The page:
I’m aware of the importance of compromise, and it may well be that the magazine make editorial changes that improve the story. But there’s also the possibility that the interests of the magazine in question and my story may come up against each other. An editor of a magazine that publishes short fiction will naturally want a story of X thousand words that enthrall and entertain their readers… but fitting into that limit will probably be more important to them than having the thematic depth and character insight that I want it to have.

Given that this is my IWSG entry, I’ll throw the comments section out for advice. Those of you who’ve self-published, would you go down the traditional route if you could? And have you faced the challenge of having to cut something you really like to fit a word count?

Condition

Just a quick post, as I’ve not written on the blog for a while, and in that time the Film Production Society I’m involved in has completed post-production on a short film.

Condition is a short science fiction film. Jacob is the sole patient in an otherwise abandoned hospital. He feels fine, but Ami, who is taking care of him, refuses to allow him to leave…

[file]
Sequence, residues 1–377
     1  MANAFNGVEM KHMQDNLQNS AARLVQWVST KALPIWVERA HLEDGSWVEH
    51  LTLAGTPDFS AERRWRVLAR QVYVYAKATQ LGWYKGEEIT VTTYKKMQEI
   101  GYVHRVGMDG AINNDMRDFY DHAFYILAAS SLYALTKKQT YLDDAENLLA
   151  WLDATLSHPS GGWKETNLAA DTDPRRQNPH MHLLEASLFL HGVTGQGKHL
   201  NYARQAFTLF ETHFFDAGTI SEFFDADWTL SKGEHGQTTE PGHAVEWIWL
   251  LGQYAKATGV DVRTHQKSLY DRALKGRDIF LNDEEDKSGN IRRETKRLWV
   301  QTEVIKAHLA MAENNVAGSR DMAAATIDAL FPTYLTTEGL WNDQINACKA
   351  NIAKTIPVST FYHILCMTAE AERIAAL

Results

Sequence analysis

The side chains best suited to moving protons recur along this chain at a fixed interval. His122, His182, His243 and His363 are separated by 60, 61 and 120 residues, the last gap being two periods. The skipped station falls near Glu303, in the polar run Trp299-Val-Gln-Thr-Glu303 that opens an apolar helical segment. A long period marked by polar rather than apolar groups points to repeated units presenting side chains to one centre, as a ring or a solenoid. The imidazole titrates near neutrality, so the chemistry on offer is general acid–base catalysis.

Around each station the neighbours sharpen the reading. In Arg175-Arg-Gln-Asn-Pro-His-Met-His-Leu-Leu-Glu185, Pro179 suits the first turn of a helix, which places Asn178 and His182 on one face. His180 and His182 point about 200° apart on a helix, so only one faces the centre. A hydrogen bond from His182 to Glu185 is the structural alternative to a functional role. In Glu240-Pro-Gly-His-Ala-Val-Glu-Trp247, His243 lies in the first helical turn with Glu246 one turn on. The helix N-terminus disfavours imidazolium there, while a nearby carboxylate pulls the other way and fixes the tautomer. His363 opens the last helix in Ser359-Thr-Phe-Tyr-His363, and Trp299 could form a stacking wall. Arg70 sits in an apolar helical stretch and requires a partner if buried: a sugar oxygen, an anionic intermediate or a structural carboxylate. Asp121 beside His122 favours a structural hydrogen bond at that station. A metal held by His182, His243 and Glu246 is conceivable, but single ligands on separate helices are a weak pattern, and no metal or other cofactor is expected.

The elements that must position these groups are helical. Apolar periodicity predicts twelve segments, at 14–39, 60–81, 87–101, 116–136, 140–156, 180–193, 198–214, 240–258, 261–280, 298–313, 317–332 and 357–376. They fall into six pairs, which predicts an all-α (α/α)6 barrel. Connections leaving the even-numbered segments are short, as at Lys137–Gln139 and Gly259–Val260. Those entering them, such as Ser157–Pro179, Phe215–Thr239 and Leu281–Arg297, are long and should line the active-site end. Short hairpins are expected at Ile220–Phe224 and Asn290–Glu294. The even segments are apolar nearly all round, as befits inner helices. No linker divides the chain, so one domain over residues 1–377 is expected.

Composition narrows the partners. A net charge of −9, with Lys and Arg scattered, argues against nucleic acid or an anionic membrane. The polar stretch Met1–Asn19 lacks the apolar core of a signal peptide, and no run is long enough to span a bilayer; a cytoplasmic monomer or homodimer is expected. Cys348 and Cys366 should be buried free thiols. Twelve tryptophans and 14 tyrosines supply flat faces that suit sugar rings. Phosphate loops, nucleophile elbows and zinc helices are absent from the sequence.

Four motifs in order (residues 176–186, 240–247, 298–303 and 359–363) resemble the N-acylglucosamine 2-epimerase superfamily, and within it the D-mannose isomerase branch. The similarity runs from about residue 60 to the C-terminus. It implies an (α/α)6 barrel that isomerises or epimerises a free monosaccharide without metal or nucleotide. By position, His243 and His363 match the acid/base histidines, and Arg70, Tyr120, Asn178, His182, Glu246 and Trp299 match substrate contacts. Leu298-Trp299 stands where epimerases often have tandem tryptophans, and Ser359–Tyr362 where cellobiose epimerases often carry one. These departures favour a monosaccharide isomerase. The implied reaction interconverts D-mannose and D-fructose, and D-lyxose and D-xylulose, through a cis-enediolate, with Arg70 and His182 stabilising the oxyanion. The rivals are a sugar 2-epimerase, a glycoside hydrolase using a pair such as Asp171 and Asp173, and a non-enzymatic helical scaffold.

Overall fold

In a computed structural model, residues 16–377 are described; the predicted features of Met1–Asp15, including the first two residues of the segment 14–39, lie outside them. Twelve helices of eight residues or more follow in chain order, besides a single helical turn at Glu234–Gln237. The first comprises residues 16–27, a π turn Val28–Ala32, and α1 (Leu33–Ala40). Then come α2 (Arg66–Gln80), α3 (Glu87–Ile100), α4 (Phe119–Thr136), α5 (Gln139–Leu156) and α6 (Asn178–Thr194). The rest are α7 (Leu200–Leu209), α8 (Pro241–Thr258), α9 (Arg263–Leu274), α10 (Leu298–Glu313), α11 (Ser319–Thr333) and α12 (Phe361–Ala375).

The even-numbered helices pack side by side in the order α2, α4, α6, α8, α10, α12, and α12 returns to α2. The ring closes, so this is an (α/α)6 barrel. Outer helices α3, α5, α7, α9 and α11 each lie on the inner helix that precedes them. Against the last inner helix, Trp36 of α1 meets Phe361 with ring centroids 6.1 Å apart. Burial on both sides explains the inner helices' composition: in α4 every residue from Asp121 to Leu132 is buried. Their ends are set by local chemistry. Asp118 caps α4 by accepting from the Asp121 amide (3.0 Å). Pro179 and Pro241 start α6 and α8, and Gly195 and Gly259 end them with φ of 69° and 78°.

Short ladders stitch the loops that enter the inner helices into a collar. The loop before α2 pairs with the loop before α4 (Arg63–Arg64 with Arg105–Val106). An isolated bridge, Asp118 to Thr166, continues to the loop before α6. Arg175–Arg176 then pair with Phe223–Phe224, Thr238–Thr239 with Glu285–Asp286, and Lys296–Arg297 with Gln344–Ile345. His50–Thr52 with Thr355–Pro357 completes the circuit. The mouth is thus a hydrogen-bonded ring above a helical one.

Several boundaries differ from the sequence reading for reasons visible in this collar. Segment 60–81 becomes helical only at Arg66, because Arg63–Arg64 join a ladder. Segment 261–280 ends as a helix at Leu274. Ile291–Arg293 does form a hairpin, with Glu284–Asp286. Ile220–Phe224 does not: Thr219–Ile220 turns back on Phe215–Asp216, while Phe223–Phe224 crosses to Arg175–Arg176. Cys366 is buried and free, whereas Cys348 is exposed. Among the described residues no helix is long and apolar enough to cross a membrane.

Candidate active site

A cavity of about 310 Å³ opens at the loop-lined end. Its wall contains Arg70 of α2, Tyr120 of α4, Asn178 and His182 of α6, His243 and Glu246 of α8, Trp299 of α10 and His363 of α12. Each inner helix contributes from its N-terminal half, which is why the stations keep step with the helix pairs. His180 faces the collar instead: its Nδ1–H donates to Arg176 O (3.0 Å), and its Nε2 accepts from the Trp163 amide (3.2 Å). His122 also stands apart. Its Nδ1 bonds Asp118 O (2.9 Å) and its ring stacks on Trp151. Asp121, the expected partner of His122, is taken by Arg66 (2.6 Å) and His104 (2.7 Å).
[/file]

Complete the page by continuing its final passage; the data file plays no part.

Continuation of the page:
I should probably make clear, though I’m credited as a writer, I don’t feel I added all that much to the script. We gathered as an American-style writers’ room a few times in October and November, added a few ideas to the raw initial idea, and Adam Eccles (the first credited writer) did the majority of the heavy lifting – so any credit should go in that direction.

If you enjoyed that film, Emily Raw, the Editor and Visual Effects creator has a  Vimeo channel and Daryl Lim, the male lead and also composer of the soundtrack, has Facebook and Youtube pages.

If you’re interested in seeing more films like this, liking the Teesside Film Production Society’s Facebook page will keep you updated.

Bryan Singer on Superman Returns

Bryan Singer made a few headlines last week when he blamed the box office failure of his film, Superman Returns, on the fact that it was targeted at a female audience – who didn’t turn out to watch it as highly as he’d hoped:

It was a movie made for a certain kind of audience. Perhaps more of a female audience. It wasn’t what it needed to be, I guess. I think I could lop the first quarter off and start the movie a bit more aggressively and maybe find a way to start the movie with the jet disaster sequence or something. I could have grabbed the audience a little more quickly. I don’t know what would have helped. Probably nothing.

Singer’s quotes have been taken out of context slightly, but the idea that the film was targeted at women is his most solid definition of the “certain kind of audience” he was chasing, and he thinks that there was “probably nothing” different he could have done.

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Coca Cola Hates America